Fourth of July Sun Safety

by SKHC Editor on July 3, 2012

This Fourth of July, or Independence Day, marks the 236th anniversary of the United States’ freedom.  In July 1776 the estimated population was 2.5 million.  Now, 236 years later the estimated population is 313.9 million.  That’s a lot of people and chances are many of them will find themselves celebrating outside, which means potential for a lot of sun exposure.

It’s important that you protect yourself, especially during midday hours when the sun’s rays are the strongest.  Stay in the shade as much as possible and wear light-colored clothing and a hat to protect your skin.  Take the time to apply sunscreen with SPF 15 or higher and both UVA and UVB protection.  Speaking of UVA and UVB, wear sunglasses that block as close to 100% of these rays as possible.

You’ll be thankful you did these simple things to avoid sunburn.  No one wants to spend their Fourth of July needing sun burn relief.

Source: cdc.gov, census.gov, usa.gov

{ 2 comments }

Mary Lou July 5, 2012 at 11:15 pm

This article by the School Health Kids editor covers such an important issue that I do not feel it can be discussed too much. Skin protection from the sun, particularly in children, is imperative each and every day. Children are particularly susceptible to sun damage because their skin cells are dividing very fast so they are more vulnerable to spreading abnormal skin cells if they develop. One blistering sunburn in childhood more than doubles the chance that a person will develop skin cancer later in life. A website with great programs promoting sun protection for children is http://www.sunsafetyforkids.org. It has clever ideas for schools like “Don’t Fry Days” and offers free activity packets for schools to implement its lesson plans and activities.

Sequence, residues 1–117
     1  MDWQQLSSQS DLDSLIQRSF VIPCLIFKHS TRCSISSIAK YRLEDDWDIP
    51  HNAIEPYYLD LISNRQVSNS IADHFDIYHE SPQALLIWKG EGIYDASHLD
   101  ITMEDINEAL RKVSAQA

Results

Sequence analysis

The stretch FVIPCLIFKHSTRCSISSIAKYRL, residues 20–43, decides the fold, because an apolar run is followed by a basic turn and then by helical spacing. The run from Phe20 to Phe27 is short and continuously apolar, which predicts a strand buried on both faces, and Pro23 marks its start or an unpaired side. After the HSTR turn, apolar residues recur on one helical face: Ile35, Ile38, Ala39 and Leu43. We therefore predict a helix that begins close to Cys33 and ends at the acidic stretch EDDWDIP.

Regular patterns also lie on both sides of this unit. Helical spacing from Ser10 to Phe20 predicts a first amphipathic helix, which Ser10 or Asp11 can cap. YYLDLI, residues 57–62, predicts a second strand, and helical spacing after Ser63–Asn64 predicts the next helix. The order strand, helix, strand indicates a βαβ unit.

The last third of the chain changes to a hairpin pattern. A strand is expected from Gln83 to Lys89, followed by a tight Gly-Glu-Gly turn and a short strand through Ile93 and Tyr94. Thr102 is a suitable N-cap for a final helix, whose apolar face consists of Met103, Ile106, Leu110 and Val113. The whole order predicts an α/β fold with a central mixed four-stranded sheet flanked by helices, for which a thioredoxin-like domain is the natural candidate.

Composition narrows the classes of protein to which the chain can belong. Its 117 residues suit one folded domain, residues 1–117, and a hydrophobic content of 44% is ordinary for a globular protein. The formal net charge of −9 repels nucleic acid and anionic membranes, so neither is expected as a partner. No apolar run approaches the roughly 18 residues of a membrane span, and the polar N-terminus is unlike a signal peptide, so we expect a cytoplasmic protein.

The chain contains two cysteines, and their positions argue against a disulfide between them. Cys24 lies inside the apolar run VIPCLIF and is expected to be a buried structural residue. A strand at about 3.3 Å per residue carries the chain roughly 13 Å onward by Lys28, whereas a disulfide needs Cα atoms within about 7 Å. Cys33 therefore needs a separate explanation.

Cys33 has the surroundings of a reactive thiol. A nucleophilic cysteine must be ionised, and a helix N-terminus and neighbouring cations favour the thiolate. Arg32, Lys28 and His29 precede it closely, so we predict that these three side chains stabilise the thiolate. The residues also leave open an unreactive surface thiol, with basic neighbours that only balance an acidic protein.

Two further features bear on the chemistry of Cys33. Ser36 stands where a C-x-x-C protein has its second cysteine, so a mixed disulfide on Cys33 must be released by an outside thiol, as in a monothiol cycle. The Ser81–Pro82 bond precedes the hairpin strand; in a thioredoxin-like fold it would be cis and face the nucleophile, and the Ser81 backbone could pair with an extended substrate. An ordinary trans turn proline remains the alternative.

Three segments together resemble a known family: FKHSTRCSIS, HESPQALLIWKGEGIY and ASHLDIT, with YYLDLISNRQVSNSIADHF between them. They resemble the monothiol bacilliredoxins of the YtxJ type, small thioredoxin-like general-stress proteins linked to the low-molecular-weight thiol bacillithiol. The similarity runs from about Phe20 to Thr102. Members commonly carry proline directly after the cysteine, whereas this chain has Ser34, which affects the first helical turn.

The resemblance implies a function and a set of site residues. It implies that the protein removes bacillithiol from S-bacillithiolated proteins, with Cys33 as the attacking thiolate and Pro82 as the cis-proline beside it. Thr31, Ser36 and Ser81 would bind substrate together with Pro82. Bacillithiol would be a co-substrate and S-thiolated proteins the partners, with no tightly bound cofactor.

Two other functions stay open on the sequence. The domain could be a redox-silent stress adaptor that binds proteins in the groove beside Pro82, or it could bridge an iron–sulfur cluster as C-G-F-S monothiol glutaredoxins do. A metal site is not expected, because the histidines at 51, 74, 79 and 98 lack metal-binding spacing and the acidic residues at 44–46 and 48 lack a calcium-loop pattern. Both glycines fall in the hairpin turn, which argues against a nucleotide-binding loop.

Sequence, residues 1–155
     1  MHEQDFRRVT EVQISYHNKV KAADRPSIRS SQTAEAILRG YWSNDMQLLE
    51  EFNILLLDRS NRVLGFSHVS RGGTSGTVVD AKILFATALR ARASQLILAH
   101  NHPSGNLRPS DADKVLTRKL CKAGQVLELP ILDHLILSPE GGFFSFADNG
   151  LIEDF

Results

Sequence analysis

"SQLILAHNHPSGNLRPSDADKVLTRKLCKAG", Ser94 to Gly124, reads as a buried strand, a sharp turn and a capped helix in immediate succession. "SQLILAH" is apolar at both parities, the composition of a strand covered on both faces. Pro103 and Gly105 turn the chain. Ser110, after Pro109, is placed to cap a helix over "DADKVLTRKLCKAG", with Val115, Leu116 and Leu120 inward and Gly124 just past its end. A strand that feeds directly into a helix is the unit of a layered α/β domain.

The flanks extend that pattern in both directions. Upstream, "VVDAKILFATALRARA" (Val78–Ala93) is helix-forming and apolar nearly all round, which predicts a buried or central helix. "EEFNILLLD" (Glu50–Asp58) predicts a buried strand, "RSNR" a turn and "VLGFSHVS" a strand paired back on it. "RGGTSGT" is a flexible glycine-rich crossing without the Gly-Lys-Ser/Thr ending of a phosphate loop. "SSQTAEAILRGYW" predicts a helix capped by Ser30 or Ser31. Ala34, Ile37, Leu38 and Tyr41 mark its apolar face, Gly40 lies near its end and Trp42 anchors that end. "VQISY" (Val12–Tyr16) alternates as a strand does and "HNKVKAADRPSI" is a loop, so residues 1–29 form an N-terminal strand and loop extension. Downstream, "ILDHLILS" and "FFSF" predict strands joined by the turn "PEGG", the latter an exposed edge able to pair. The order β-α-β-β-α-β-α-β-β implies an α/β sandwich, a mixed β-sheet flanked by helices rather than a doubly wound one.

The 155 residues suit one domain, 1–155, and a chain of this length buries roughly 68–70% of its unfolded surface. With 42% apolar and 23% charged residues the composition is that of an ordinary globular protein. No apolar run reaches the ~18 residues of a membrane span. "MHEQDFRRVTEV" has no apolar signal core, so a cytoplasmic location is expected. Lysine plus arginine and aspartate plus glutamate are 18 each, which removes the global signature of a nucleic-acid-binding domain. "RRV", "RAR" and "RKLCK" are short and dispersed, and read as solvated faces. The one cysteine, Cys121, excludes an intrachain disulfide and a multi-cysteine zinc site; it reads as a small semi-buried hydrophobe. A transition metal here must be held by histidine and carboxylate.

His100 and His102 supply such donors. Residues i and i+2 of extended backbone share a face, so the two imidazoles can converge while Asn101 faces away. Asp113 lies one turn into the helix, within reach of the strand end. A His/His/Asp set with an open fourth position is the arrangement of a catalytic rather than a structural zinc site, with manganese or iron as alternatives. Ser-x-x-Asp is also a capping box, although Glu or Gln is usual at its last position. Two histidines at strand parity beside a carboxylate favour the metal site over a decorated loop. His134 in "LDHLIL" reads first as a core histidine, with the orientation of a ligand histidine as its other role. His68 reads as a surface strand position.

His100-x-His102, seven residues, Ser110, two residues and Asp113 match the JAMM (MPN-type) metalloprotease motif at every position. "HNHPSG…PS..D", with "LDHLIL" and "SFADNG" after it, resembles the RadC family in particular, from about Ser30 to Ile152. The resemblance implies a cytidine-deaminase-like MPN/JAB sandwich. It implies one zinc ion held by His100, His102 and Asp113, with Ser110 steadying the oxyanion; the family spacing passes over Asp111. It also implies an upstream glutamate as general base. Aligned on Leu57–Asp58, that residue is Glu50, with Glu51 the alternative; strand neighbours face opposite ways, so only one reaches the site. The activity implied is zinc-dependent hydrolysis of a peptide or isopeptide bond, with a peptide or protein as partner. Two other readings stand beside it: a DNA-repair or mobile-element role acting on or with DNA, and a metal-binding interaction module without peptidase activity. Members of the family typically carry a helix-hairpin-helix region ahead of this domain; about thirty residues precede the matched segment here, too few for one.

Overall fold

megan July 25, 2012 at 5:09 pm

Parents really need to protect their kids when they are young from the sun to prevent future problems.

Comments on this entry are closed.

Previous post:

Next post: